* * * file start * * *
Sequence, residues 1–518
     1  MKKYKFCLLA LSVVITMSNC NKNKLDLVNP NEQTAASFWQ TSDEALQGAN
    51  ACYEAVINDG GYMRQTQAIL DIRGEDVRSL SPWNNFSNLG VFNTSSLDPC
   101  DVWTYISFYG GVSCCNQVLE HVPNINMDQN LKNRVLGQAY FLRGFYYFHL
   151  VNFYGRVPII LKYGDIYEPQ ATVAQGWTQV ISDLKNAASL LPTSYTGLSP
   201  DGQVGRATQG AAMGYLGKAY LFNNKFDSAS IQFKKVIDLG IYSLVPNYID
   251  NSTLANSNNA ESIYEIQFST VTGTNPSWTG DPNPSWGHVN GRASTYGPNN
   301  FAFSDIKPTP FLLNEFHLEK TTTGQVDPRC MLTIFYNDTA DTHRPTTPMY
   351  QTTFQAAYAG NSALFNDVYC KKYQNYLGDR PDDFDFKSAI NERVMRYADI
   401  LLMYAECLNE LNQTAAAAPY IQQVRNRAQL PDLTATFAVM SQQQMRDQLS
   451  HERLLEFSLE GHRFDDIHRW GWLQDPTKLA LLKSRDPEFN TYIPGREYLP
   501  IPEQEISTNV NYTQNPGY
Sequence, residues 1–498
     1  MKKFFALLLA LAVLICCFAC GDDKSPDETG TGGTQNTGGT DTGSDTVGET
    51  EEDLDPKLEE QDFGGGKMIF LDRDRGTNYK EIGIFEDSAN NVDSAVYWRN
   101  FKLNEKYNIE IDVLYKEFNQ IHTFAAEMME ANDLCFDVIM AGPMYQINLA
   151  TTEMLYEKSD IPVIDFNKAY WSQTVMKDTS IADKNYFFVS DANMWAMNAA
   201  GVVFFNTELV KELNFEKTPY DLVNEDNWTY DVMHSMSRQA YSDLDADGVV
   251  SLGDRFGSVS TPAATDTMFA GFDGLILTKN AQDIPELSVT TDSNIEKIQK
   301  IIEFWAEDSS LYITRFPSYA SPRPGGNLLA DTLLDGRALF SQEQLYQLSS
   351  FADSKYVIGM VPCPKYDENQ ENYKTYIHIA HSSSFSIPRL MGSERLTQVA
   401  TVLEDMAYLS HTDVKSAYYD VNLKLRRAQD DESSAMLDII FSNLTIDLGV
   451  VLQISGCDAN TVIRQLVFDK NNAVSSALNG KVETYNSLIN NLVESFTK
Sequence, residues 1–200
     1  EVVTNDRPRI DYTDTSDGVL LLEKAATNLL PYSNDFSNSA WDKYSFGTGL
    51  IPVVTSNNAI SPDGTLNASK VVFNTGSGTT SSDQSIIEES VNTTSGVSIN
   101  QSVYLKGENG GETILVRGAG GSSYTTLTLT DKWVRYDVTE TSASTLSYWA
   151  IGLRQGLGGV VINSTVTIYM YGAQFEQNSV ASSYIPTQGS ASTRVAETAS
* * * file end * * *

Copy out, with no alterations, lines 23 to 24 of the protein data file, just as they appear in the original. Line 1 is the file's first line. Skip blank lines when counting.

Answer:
   451  VLQISGCDAN TVIRQLVFDK NNAVSSALNG KVETYNSLIN NLVESFTK
Sequence, residues 1–200